The partial shutdown came about when Congress failed to pass seven spending bills, including for the Department of Homeland Security. While House Democrats are considering various options, they appear to be leaning toward funding Homeland Security through a so-called continuing resolution, which would keep spending at current levels, likely through February. The other agencies would be funded through separate measures.
Meanwhile, Mr. Graham floated his proposal, which would marry $5 billion for the wall with immigration law changes that might appeal to Democrats, including three-year, renewable work permits for the Dreamers, who were brought to the country illegally as children. Their status has been uncertain since Mr. Trump moved to end a program that protected them known as Deferred Action for Childhood Arrivals, or DACA.
But Mr. Graham has made similar proposals in the past, and they have gone nowhere on Capitol Hill. And Democrats have made clear that such a deal, which many DACA recipients do not want, is no longer of interest to them.
That is especially true with the potential for a case challenging Mr. Trump’s ending of the DACA program to make its way to the Supreme Court next year.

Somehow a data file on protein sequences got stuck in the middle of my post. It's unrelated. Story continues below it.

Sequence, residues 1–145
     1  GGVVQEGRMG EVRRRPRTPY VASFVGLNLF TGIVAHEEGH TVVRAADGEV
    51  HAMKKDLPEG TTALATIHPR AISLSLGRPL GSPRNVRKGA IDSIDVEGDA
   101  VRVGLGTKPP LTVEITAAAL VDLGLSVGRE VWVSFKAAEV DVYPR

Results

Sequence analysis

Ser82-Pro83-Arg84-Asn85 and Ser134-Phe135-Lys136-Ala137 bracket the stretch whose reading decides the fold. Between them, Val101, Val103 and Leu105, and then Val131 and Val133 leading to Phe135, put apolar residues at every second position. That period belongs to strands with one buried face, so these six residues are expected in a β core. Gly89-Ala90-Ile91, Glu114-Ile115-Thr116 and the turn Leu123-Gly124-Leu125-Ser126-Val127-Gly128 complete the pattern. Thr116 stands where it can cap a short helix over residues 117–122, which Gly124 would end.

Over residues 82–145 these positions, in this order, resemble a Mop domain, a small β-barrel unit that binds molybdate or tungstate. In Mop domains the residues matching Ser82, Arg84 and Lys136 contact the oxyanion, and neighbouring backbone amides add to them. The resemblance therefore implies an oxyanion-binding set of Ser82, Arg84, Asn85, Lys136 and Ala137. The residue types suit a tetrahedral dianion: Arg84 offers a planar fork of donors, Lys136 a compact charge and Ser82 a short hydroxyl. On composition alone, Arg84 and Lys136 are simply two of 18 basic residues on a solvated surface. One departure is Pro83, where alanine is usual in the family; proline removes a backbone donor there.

The budget fight is playing out amid the controversy over the deaths of two migrant children who were in the custody of Customs and Border Protection officials.
On Saturday, Mr. Trump tweeted that the children’s deaths were the fault of Democrats and their immigration policies, in his first public comments since the 7-year-old girl and 8-year-old boy died this month. Mr. Trump expressed no remorse for their deaths, and falsely stated that the parents of the children had said they were sick when they came in to the country.
In an interview with ABC News’s “This Week” on Sunday, the commissioner of Customs and Border Protection, Kevin McAleenan, said officials “did everything they could, as soon as these children manifested symptoms of illness, to save their lives.”
He said that the number of families with children crossing the border had risen, and that the system was not set up for children. “We don’t want them in Border Patrol stations,” Mr. McAleenan said. “We want them in a better scenario for these vulnerable populations that we are seeing.”